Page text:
Since Olympic snub, Giroux on a different level


Since Olympic snub, Giroux on a different level

Some have suggested Team Canada’s Olympic snub of Claude Giroux is the real impetus in the meteoric rise of his game since Dec. 11.

Since that date, Giroux is No. 1 in the NHL with 51 points. Since Jan. 4, he has 13 goals and 21 assists for 34 points in 27 games.

That latest point total includes the two he picked up Tuesday night with an assist and game-winning overtime goal to lead the Flyers past the Chicago Blackhawks, 3-2 (see story).

Giroux’s 24th goal brought down defending Stanley Cup champs at the Wells Fargo Center.

“He’s been a tremendous leader as of late,” teammate Matt Read said. “Since the Olympic break he’s the hardest-working guy everywhere you go. He’s the first one here every day and in his mind it’s win, win, win at all cost.

“And any mistakes you make you hear about it on the bench from him. He just wants perfect from everybody, and his game has shown a lot. He’s on the ice, he’s working harder than everybody out there. It’s fun to watch how talented he is. He’s being a true leader right now and that’s what we need in this last push here.”

Giroux's two points moved him past Ron Sutter into 20th place on the Flyers’ all-time scoring list. Giroux now has 115 goals and 247 assists for 362 points in his NHL and Flyers career.

Which makes his game-winner that much better.

“I think it was a fun game to play,” Giroux said. “I’m sure it was a fun game to watch also, but I think we were just enjoying ourselves out there, just playing some hockey. It was rough, we got a hit, we were hitting, and that’s the best part of hockey.”

Scott Hartnell had the two previous goals.

“You could tell he wanted it,” Hartnell said. “He was skating pretty hard. It seems like he finds a way to get his shots through most of the time. He absolutely got off a rocket there.”

Hawks goalie Antti Raanta went down after the puck was already in the net.

“He didn’t even know it went in,” Hartnell said.

The Flyers and Giroux have had so many good games at home this season, it becomes difficult to define the fine thread that separates good from very good.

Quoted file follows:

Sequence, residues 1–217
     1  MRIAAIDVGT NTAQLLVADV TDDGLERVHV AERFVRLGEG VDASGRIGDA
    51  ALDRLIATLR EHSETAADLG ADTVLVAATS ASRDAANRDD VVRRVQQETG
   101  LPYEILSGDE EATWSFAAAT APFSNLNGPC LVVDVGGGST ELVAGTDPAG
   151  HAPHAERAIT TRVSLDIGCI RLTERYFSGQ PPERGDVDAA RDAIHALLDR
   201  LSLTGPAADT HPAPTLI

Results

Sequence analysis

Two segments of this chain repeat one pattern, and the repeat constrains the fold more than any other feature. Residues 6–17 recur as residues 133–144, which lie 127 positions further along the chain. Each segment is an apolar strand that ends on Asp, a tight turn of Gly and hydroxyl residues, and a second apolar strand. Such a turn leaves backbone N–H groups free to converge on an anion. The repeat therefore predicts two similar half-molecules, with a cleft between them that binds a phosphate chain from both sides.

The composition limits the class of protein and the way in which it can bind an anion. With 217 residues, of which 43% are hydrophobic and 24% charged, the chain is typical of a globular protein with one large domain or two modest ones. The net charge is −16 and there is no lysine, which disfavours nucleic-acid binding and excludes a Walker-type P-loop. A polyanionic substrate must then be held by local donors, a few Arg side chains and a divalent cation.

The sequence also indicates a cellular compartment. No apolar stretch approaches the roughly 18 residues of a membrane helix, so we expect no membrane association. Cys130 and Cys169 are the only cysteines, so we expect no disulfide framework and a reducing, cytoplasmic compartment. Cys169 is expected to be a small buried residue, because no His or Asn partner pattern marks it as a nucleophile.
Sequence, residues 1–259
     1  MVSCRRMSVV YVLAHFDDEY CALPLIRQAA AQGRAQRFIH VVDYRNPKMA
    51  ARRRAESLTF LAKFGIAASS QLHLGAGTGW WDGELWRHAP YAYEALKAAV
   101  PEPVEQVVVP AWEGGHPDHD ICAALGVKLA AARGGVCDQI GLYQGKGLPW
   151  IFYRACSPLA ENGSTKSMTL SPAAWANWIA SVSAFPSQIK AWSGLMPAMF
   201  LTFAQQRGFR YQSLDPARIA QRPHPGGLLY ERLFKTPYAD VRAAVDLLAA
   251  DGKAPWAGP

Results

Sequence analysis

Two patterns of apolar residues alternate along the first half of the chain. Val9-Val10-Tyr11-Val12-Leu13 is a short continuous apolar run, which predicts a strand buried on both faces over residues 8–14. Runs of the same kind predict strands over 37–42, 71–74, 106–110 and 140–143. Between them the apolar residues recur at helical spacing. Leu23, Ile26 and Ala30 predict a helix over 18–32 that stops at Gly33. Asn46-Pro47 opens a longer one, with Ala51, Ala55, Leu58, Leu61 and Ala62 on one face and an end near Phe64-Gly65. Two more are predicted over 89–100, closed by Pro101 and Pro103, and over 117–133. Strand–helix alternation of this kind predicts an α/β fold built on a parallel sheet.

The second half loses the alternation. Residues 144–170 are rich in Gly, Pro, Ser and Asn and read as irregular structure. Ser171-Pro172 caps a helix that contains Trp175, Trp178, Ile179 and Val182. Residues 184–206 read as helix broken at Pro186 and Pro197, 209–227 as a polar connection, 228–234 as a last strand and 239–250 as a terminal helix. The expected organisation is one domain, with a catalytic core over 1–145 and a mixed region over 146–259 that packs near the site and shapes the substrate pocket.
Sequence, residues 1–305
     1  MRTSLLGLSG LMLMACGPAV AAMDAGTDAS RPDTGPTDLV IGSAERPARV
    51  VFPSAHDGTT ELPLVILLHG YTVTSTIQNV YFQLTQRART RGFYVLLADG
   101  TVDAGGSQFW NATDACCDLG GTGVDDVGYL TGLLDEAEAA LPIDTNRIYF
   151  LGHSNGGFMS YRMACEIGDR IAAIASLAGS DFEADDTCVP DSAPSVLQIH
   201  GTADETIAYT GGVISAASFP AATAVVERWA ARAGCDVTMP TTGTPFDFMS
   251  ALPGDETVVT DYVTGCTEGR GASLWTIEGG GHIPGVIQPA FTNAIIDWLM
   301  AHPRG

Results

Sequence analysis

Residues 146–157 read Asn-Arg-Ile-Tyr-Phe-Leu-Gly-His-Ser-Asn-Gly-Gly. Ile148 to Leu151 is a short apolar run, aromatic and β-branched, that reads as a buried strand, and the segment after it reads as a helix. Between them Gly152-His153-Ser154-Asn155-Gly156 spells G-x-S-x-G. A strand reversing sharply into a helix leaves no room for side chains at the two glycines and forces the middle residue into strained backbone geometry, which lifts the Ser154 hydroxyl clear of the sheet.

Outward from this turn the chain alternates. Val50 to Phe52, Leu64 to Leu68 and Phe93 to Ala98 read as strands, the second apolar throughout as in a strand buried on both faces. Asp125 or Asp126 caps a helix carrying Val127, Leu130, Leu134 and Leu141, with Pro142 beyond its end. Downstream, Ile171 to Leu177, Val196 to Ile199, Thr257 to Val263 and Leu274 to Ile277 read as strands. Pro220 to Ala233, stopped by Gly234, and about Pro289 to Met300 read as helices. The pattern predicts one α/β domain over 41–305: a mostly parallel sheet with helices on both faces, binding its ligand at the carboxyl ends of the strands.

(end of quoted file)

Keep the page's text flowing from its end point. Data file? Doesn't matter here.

This much is certain: The Flyers recognized the danger this team presents off transition and made sure not to give Chicago any help in generating offense.

"I think they’re a team that if you do mistakes, they’re going to put it in our net,” Giroux said. “I think we were pretty responsible defensively. Coming into this game, that was the one thing -- we wanted to play good defense. When you play good defense, your offense is going to follow.”

Flyers coach Craig Berube and others say Giroux has become vocal in the dressing room, too.

“I mean he’s really been playing hard, really skating, attacking, he’s leading our team,” Berube said. “I think it starts on the bench, he’s vocal, he’s really into it all the time, does a very good job of keeping everybody going.”

Best of NHL: Shea Weber's PPG gives Canadiens' 5th straight win

Best of NHL: Shea Weber's PPG gives Canadiens' 5th straight win

NEW YORK -- Shea Weber's power-play goal with 2:57 remaining lifted the Montreal Canadiens to their fifth straight victory, 3-2 over the New York Islanders on Wednesday night.

Paul Byron and Phillip Danault also scored to help Montreal improve to 6-0-1 and remain the only team in the NHL without a regulation loss. Al Montoya, who played for the Islanders from 2010-12, stopped 26 shots in his first start since Oct. 18 as the Canadiens beat New York for the seventh straight time.

John Tavares and Dennis Seidenberg scored for New York and Thomas Greiss had 26 saves in his second straight start and third of the season.

With the Islanders' Nick Leddy off for slashing, Weber fired a shot from the point for the tiebreaking goal. It was just the second power-play goal in 23 opportunities given up by New York's league-leading penalty-killing unit (see full recap).